Committee approves high school district plans

There were no major confrontations and only a couple of disagreements as the Louisiana High School Athletic Association’s executive committee approved a districting plan for 2013-14 and 2014-15.

A handful of classification appeals regarding individual sports were also handled during Wednesday’s meeting held at the LHSAA office.

The biggest news came in Class 3A where LHSAA Executive Director Kenny Henderson’s final plan changed the fortunes of four teams: John Curtis, St. Charles Catholic, Brusly High and Port Allen High.

All four were originally placed together in a Baton Rouge/River Parish area district. The teams were divided into other districts in the final plan approved by the committee.

Curtis and St. Charles were moved into New Orleans-based 11-3A with De La Salle, Lusher Charter, Eleanor McMain and three all-girls schools: Academy of Sacred Heart, Louise McGehee and Xavier Prep.

Meanwhile, Brusly and Port Allen were placed in a revamped District 7-3A with Baker, Glen Oaks, Parkview Baptist, University High and West Feliciana. The two West Baton Rouge schools return to a Baton Rouge-based district for the first time in six years.

“I guess it is what we had hoped would happen,” Brusly Principal Walt Lemoine said. “I didn’t realize it, but it’s been six years since we’ve been in a Baton Rouge district. We feel like that’s where we belong. It should be a good competitive district. We’ve got some schools much like ourselves, and then some others that are also powerhouses, so there will be challenges.”

John Curtis had no representative at the meeting. St. Charles argued against its placement in a New Orleans league, asking instead to be placed in a new 9-3A that includes two schools from the old 7-3A, Donaldsonville High and E.D. White Catholic.

LHSAA President Brent Vidrine, of Monroe’s Neville High, credited the smooth nature of the third and final classification meeting to a new process that allowed schools to voice their concerns and approval of districting plans in writing. The final plans will be posted on the LHSAA’s website, lhsaa.org on Thursday, said Executive Director Kenny Henderson.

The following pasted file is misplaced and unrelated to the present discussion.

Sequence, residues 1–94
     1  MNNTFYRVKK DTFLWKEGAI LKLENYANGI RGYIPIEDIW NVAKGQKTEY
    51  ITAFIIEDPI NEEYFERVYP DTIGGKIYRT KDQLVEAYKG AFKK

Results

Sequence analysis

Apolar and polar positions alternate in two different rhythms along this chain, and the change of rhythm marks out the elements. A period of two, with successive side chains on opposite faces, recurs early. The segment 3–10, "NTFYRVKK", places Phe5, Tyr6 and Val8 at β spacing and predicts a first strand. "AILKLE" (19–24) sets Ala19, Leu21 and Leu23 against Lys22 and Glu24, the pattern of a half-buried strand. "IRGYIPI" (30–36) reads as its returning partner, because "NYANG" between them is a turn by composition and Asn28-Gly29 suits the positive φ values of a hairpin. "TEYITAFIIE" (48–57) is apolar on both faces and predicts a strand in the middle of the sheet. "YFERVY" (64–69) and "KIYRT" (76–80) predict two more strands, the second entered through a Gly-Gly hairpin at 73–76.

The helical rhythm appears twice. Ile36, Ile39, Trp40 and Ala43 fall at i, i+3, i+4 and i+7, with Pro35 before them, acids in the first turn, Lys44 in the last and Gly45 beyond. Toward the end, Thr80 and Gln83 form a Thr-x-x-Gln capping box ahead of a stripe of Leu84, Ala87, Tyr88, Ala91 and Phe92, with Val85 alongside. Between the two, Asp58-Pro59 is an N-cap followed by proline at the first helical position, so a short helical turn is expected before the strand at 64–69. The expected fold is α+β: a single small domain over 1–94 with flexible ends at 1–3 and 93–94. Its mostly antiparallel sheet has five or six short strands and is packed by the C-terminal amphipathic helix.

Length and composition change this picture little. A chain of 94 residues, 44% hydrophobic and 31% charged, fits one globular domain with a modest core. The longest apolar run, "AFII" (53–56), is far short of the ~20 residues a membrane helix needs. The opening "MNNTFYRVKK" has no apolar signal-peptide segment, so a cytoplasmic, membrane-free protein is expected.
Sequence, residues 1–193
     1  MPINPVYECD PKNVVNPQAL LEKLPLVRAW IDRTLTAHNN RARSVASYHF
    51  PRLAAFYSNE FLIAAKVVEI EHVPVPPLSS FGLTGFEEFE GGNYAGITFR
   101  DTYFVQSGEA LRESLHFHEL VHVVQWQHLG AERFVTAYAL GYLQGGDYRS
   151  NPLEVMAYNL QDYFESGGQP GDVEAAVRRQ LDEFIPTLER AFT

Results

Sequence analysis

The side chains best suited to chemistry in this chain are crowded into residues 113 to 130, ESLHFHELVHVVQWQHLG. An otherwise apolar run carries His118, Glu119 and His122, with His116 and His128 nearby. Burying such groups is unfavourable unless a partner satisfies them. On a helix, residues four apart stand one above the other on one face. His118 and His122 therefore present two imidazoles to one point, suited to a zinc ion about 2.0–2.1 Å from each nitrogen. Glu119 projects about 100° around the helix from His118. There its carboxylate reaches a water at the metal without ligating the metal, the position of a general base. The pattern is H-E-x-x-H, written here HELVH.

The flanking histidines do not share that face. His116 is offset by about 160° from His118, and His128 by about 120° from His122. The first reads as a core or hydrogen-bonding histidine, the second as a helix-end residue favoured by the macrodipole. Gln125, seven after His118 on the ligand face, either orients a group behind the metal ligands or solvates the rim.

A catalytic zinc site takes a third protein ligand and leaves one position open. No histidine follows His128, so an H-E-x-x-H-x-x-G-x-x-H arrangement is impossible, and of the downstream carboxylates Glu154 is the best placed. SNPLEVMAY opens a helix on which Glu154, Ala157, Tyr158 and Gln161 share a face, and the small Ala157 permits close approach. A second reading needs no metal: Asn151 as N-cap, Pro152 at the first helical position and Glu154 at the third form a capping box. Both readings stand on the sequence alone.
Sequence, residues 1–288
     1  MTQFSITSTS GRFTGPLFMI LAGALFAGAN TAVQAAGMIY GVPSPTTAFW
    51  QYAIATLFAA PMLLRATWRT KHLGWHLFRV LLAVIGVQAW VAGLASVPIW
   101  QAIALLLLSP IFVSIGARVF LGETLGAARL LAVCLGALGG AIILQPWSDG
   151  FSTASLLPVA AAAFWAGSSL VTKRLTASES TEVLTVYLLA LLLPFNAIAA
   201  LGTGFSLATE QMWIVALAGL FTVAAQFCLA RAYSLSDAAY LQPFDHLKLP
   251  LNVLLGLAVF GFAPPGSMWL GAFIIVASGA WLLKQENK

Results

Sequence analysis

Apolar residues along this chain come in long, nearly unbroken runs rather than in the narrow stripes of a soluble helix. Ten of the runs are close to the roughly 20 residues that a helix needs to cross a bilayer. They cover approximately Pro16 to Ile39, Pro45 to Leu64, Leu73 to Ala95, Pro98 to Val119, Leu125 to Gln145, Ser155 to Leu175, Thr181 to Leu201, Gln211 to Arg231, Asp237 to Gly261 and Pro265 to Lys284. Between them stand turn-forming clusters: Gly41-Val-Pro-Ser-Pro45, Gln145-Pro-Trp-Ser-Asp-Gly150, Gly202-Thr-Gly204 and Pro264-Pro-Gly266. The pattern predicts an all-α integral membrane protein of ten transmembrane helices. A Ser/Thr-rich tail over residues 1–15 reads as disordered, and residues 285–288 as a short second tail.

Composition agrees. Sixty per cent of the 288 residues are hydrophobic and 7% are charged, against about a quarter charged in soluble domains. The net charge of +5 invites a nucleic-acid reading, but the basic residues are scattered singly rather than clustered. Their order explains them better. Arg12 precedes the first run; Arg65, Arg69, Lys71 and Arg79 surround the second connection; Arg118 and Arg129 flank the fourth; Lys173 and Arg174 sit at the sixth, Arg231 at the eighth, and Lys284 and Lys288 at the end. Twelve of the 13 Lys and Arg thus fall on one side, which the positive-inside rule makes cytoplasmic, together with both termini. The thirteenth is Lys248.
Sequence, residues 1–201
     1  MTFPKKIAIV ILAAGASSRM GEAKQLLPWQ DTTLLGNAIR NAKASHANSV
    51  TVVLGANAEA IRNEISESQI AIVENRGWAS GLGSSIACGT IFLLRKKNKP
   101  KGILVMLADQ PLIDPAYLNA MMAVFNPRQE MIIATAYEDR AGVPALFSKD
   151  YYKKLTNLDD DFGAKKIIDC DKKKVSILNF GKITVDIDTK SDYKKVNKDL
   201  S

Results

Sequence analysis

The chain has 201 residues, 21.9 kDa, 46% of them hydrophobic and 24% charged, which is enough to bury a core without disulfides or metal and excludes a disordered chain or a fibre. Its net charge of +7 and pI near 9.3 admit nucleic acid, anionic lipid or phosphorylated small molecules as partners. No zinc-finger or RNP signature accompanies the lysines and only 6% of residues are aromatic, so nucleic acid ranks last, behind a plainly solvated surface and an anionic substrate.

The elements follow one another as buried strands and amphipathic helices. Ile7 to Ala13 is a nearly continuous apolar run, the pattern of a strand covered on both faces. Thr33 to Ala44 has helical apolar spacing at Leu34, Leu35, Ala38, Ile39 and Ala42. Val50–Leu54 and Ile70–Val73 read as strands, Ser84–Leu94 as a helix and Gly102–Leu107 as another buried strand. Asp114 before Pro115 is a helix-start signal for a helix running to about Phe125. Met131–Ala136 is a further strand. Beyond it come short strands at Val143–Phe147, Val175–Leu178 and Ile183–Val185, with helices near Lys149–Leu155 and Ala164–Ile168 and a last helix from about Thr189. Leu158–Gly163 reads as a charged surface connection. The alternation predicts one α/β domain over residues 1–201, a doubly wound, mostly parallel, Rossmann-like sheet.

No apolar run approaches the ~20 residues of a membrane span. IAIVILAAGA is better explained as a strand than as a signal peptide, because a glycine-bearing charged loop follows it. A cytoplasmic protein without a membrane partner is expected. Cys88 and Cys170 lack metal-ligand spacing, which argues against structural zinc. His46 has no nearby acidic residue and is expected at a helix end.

“Everything was thought out,” Vidrine said. “It was a process that took place that gave everybody a chance to respond. The goal was to try and get more schools to respond to what they liked.

“Before, we’d only hear from schools who didn’t like something. This way, we got a better chance to hear what schools did and didn’t like. There were a few changes that were made for the betterment of the schools. They were logical.”

Basic districts for Class C and Class B were approved in a span of three minutes without debate.

Class 1A offered the first real debate with north and central Louisiana schools in District 3-1A opposing the addition of Logansport. Their alternate plan had Ringgold moving from District 1-1A to 3-1A and Logansport going back to 3-1A from 1-1A. A motion to make Ringgold-Logansport swap, failed by a 12-10 vote, setting the stage for Henderson’s final plan to be approved.

Before the vote on 2A districts, Henderson said the LHSAA learned Tuesday that New Orleans-based L.B. Landry is set to consolidated with 4A O. Perry Walker next year.

That change alleviated concerns about too many teams for New Orleans’ 9-2A and 10-2A, which will combine for football only.

St. James, which requested a possible move to Baton Rouge’s 6-2A, was shifted to a River Parish-based 10-2A that also includes Riverside Academy. A request to break Northeast High and East Feliciana High away from 6-2A to form a new league with St. Helena Central, of 7-2A, was rejected, leaving the teams in their previous districts.

In Class 4A, Belle Chasse asked the committee to be placed in a bayou or northshore-based district. Instead, the Plaquemines Parish school was left in a New Orleans area league.

There was no debate on the revised 5A districts posted at the second meeting.

One boys soccer of change had West Feliciana and Dunham swapping district spots, based on geography.

Appeals, etc.

Before the 1 p.m. classification meeting several schools came before the committee with appeals for different sports. All the schools had missed the deadline to declare to play up or to play a particular sport.

The committee approved Holy Cross-New Orleans’ request to wrestle up to Division I for the next two years.

North Caddo, Mansfield and Vinton all requested to play up a division in volleyball to alleviate travel concerns and those appeals were granted.

However, the executive committee rejected New Orleans’ Lake Area New Tech’s request to be allowed to play varsity football after missing the application deadline. The committee voted to allow the Class 3A school to play junior varsity football for the next two years.